Judy Blume was by far the most oft-read and beloved author of my childhood. Her realistic characters resonated with me from the moment I turned the first pages of “Tales of a Fourth-Grade Nothing,” to my closing the back cover of “Summer Sisters.” Her words had a profound effect on my young psyche; I hold them responsible for instilling my voracious literary appetite. Her novels hold a unique place in my heart, a place with overflowing admiration, appreciation and undying nostalgia. It is my pleasure to introduce this piece on Blume by Tania Gonzalez, an actor, mother, and dear friend whose life experiences have run quite parallel to those of famed and fabled “Margaret” of Blume’s most famous novel. I hope you’re as inspired by Tania’s words as I am. –Ashley
Are you there, Judy Blume? It’s me. I’m a mom now?
My mother never had “the talk” with me. She was a wonderfully caring mother who was traumatized as a girl by getting her first period. My grandmother neglected to explain things to her and when the time came, she recalls sitting on the toilet in the girls’ bathroom at school, screaming that she was dying. She was not. She just became a woman, with all that entails. When my turn came, she was at a loss as to how best to explain things, least of all sex, so instead, I was handed a book by the incomparable Judy Blume.
“Are You There God? It’s Me, Margaret.” was a different kind of something. Looking back on it, I had no idea at the time how significant it would become. The most compelling memories of that book came from the longing to understand what the heck was happening to me. Suddenly I was no longer a young girl. I was unsure of everything, especially my body! After reading this book, I knew someone understood. I didn’t even go to my mother to discuss it. I knew she knew, and that it was some sort of wonderful unspoken understanding that we had. She had found this special and secret way of sharing information on what it was to change into a woman.
(I have to add that I was extraordinarily torn up when I finally got my period and was not presented with a sanitary belt with clasps and the whole deal. I didn’t get that I was referencing the 1970 copy of the book and that the advent of adhesive had moved the world forward.)
Before reading that book I had snuck into my sister’s drawer and discovered her OB Tampons. In my innocence, proceeded to experiment with them. I lodged them one by one into the toilet and watched them expand into little cotton Zeppelins with tails. No wonder my sister couldn’t stand me. After reading Judy Blume’s Margaret, I was a young lady that had been let into the ceremonious enclave of womanhood. I didn’t know then and am only beginning to understand now, how that process only begins as a girl and never stops evolving.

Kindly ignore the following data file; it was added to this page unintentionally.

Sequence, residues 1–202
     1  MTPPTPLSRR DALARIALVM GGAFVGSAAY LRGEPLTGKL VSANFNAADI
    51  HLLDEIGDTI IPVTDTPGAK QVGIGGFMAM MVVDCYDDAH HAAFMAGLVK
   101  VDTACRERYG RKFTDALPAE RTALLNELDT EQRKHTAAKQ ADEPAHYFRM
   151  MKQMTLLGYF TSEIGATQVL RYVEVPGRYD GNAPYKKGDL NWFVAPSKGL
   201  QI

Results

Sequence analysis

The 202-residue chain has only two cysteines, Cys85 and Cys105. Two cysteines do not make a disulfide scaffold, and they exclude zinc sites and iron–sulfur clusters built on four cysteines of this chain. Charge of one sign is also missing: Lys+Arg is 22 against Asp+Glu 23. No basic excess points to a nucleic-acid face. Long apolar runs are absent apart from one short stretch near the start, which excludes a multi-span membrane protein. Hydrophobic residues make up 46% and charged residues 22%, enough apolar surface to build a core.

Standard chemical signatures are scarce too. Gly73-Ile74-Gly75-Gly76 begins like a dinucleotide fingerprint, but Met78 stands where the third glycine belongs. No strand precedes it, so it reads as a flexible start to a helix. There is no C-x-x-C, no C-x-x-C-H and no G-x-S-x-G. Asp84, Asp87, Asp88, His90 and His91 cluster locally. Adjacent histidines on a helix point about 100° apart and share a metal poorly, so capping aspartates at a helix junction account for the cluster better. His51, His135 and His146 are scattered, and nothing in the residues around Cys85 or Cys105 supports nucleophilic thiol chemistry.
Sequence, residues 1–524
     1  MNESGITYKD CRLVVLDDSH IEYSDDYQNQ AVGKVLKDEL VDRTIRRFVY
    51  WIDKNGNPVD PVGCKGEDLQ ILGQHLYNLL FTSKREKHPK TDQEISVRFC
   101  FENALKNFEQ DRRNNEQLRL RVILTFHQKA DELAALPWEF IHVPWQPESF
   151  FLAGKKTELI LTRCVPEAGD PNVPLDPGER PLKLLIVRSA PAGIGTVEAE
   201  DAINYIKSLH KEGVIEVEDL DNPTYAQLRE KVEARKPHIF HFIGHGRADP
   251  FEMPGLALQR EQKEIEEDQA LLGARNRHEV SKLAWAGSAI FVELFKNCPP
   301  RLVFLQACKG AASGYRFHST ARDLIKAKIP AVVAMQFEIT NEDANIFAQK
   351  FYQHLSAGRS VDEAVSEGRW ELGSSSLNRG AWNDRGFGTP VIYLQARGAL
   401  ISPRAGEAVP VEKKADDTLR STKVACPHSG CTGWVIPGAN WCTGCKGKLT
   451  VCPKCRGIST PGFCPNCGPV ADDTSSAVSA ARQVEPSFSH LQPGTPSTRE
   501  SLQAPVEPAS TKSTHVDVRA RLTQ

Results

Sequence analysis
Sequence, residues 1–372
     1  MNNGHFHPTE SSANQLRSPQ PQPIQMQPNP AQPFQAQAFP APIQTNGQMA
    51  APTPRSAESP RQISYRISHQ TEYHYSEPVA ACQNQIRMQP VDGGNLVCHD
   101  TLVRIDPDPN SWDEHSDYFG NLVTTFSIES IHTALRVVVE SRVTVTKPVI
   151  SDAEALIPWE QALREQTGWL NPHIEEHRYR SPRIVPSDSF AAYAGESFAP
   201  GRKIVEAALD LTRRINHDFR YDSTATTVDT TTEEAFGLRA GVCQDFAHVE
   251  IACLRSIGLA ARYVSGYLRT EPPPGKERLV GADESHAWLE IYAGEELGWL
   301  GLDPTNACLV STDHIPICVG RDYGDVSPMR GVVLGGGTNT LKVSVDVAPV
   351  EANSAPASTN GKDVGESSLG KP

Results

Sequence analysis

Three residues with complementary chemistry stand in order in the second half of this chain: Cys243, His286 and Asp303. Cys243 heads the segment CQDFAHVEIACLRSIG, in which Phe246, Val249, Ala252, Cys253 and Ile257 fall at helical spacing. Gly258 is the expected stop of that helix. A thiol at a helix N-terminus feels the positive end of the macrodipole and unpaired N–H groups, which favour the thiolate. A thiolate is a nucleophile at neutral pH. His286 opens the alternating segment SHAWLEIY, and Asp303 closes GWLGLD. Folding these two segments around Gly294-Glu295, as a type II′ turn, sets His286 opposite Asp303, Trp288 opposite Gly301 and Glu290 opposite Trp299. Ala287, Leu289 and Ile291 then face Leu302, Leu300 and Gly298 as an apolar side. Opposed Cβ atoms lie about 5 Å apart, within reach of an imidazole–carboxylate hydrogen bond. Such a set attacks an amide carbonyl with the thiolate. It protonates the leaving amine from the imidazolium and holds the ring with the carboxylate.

I can’t thank Judy Blume enough for her ability to crawl right into the minds of young people and scratch the very simple truth of all those questions and uncertainties we have. The world seems so big then and we are all in such a rush to understand it. In retrospect, and now when I watch my daughter, I wish I could slow it all down.
My daughter is far from needing her sanitary belt, yet she has reminded me of what it means to be a daughter and a woman. She challenges me to view both her and myself with my own mother’s eyes. As my father said when I had her, “Now you know.”
One of the main thrusts of Are you There God? is Margaret’s struggle to understand God as a child of interfaith marriage. My daughter, too, has a Catholic-born mother and a Jewish father, just like the book. My own struggle to understand if God is out there I don’t have to have all the answers right now. In time they will come in handy when I need them.listening never seems to end. I wonder how I will even begin to handle these ideas with my child. I worked hard, and still do, to find that spiritual place within myself and resolve my conflict with my own faults and the worlds.
With this new knowledge of what it is to be a mother I have made a kind of peace. I don’t have to have all the answers right now. In time they will come in handy when I need them. I feel Margaret’s gratitude to God at the end of the book for being there whenever I look into my daughter’s eyes.
“Are you still there God? It’s me, Margaret. I
know you’re there God. I know you wouldn’t have missed this for anything!
Thank you God. Thanks an awful lot….”
I pray that I can find the right things to say to my daughter when the time comes.
Did you read any of Judy Blume’s novels as a girl? Which books were your favorites?